Go to 'thermo-' entry Go to 'dino-' entry Go to 'chondro-' entry Go to 'aero-' entry Go to '-logy' entry Go to 'thaumato-' entry Go to 'nano-' entry Go to '-sophy' entry Go to 'bucco-' entry Go to '-ism' entry Go to '-lysis' entry Go to 'galacto-' entry Go to '-anthropy' entry Go to 'pneumo-' entry Go to '-ploitation' entry Go to '-lithic' entry Go to '-sepalous' entry Go to 'onco-' entry Go to '-parous' entry Go to 'dermato-' entry Go to 'multi-' entry Go to 'dodeca-' entry Go to '-zoon' entry Go to 'vermi-' entry Go to 'crystallo-' entry Go to 'biblio-' entry Go to 'eco-' entry Go to 'juxta-' entry Go to 'facio-' entry
Affixes: the building blocks of English
Affixes: the building blocks of English

hal(o)-

Halogens; salinity or salt.

[Greek hals, halo-, salt or the sea.]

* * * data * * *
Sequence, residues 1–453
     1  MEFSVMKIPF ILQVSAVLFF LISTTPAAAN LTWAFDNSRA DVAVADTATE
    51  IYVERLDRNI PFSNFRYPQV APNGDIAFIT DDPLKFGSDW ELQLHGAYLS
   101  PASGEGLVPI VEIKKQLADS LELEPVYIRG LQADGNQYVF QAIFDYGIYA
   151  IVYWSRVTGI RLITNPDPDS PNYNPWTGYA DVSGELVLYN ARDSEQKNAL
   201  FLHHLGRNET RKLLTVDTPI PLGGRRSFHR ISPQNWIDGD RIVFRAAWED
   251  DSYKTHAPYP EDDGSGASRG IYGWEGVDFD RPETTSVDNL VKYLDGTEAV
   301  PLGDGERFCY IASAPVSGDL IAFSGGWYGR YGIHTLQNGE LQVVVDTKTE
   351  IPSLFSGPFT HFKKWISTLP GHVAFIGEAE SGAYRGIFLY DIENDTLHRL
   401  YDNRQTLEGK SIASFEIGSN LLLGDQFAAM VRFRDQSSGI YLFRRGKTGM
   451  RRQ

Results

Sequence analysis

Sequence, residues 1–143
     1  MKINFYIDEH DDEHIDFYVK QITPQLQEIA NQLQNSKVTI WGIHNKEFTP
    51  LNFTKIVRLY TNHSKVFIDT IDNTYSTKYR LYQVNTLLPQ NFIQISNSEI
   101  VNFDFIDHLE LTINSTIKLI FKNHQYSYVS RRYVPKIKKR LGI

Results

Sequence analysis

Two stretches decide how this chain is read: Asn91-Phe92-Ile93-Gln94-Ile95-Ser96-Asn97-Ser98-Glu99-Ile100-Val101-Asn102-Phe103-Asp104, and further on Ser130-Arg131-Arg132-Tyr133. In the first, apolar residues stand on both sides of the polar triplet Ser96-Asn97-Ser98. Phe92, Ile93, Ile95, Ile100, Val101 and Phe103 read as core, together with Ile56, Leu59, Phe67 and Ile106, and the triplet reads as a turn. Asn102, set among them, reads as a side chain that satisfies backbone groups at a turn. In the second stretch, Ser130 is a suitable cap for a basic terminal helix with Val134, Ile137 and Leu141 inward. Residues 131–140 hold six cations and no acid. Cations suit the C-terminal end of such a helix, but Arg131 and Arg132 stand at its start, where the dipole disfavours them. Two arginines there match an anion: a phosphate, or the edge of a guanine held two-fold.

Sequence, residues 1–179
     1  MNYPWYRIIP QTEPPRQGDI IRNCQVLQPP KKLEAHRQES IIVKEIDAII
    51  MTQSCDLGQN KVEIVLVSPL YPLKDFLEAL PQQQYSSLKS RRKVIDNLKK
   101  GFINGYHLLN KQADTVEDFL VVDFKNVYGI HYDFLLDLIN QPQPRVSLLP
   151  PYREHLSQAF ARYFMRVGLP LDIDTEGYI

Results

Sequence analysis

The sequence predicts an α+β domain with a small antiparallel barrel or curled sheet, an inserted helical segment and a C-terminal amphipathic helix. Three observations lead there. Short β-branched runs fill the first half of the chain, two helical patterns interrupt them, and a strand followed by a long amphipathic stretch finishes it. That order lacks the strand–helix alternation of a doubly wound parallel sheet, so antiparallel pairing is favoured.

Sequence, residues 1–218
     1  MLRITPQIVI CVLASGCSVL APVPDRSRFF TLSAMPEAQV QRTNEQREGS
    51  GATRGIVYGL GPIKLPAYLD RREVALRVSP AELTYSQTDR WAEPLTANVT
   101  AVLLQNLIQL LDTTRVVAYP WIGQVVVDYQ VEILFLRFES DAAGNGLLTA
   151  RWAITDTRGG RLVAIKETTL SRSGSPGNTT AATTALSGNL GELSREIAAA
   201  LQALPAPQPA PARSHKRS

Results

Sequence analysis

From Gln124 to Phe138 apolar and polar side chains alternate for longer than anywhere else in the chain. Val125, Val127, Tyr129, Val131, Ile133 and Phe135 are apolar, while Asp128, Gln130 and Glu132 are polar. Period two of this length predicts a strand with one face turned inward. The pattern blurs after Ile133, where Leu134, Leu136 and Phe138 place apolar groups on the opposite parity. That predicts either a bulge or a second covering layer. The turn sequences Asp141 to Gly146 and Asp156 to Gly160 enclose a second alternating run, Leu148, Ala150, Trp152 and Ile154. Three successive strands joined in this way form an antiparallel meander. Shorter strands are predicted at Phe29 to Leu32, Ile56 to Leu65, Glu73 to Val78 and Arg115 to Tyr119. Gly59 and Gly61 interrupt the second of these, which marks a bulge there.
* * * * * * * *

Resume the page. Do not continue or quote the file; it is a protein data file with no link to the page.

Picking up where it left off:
The halogens are a group of chemically similar elements that includes fluorine and chlorine, so named because they form salts (called halides) with metals; halogenation is the substitution of hydrogen atoms in methane by halogen atoms, leading to a haloform compound such as chloroform. The sense of salinity appears in halophile (Greek philos, loving), an organism, especially a micro-organism, that grows in or can tolerate saline conditions, and halophyte (Greek phuton, a plant), a plant adapted to growing in saline conditions, for example in a salt marsh.

False friends include halitosis, bad breath, from Latin halitus, breath; although the halibut is a sea fish, its name is actually Middle English for ‘holy flatfish’, because it was often eaten on holy days; and halo comes from Greek halōs, in reference to the disc of the sun or moon.

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